MODERNIZATION, EXPANSION AND BNR UPGRADING OF A LARGE RBC TREATMENT SYSTEM
Stantec Consulting Limited was retained by the City of Grande Prairie (GP) in 1998 to upgrade its Rotating Biological Contactor (RBC) Wastewater Treatment Plant (WWTP).After 16 years of continuing population growth, the RBC treatment system was being overloaded beyond its capacity.
The result was excessive build-up of biomass on the RBC media, decreased treatment efficiency, generation of periodic RBC fugitive odours, and the possibility of premature RBC shaft failure. In addition, the two original aerobic digesters were overloaded beyond capacity, difficult to maintain
and were also a significant source of fugitive odours. As a result, the City decided to upgrade its WWTP. Upgrades were undertaken in two phases including voluntary biological phosphorus removal well in advance of Alberta Environment's 2007 effluent requirements.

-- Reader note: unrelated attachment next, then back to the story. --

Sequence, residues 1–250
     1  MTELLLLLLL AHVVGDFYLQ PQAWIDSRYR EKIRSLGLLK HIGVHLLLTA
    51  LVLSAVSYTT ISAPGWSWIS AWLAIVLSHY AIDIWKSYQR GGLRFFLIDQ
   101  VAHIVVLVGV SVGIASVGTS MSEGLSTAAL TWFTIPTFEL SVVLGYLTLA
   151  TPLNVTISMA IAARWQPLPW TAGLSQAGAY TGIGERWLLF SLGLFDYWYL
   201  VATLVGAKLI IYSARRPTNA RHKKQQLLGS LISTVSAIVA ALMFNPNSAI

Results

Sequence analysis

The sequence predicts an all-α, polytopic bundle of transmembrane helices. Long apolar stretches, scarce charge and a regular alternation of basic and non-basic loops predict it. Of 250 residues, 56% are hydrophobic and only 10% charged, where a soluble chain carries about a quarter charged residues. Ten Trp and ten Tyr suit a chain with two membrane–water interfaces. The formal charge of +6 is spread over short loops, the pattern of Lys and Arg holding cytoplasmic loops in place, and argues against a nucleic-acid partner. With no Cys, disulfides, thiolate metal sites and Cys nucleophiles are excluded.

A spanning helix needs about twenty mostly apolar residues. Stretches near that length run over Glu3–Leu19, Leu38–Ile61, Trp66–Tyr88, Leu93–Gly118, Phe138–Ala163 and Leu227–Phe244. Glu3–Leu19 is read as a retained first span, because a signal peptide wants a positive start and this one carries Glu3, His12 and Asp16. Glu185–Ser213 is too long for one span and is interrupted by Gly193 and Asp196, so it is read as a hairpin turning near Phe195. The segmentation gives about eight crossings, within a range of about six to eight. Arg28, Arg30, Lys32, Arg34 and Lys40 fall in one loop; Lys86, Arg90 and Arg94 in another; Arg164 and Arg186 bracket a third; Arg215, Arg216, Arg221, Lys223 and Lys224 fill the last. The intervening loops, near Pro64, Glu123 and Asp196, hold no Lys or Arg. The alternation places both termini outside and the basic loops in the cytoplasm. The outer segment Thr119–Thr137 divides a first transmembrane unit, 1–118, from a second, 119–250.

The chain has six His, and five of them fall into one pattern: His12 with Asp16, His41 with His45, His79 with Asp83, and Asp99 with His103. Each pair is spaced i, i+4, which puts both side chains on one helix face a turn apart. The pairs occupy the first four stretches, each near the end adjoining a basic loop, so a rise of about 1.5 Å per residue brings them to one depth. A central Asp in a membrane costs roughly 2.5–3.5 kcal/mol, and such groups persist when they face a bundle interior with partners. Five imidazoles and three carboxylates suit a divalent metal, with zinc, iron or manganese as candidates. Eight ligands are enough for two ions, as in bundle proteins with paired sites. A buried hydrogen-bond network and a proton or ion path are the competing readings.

These upgrades included
installation of a biofilter, and expanded sludge digestion capacity by use of an Autothermal Thermophilic Aerobic Digester (ATAD) system. The RBC treatment system's expansion and modernization program resulted in advanced biological nutrient removal, the first known large RBC-Activated
Sludge full BNRWWTP in the world to date. This expansion and modernization program resulted in extended RBC life due to significant reductions in biomass build-up, increased WWTP capacity with minimal new infrastructure, and improved treatment performance and operational efficiency far beyond
the present treatment requirements.
To date, the monthly average BOD5, TSS, ammonia and total phosphorus effluent concentrations for the RBC-Activated Sludge BNR hybrid system, not including the final polishing lagoon, have been reduced from 17.1, 21.1, 24.5, 3.3 mg/L, to
5.7, 12.0, 1.1,0.49 mg/L respectively. Treatment efficiency for the same parameters improved from95.3, 95.3, 32.9, 26.7%, to 98.5, 96.8, 96.8, 93.3% respectively.
Since start-up on October 2000, the monthly average BOD5, TSS, ammonia and total phosphorus final
effluent concentrations discharged to the Wapiti River (after the final polishing lagoon) were reduced from 8.2, 5.3, 17.8, 3.5 mg/L, to 3.6, 3.1, 0.86, 0.44 mg/L respectively.
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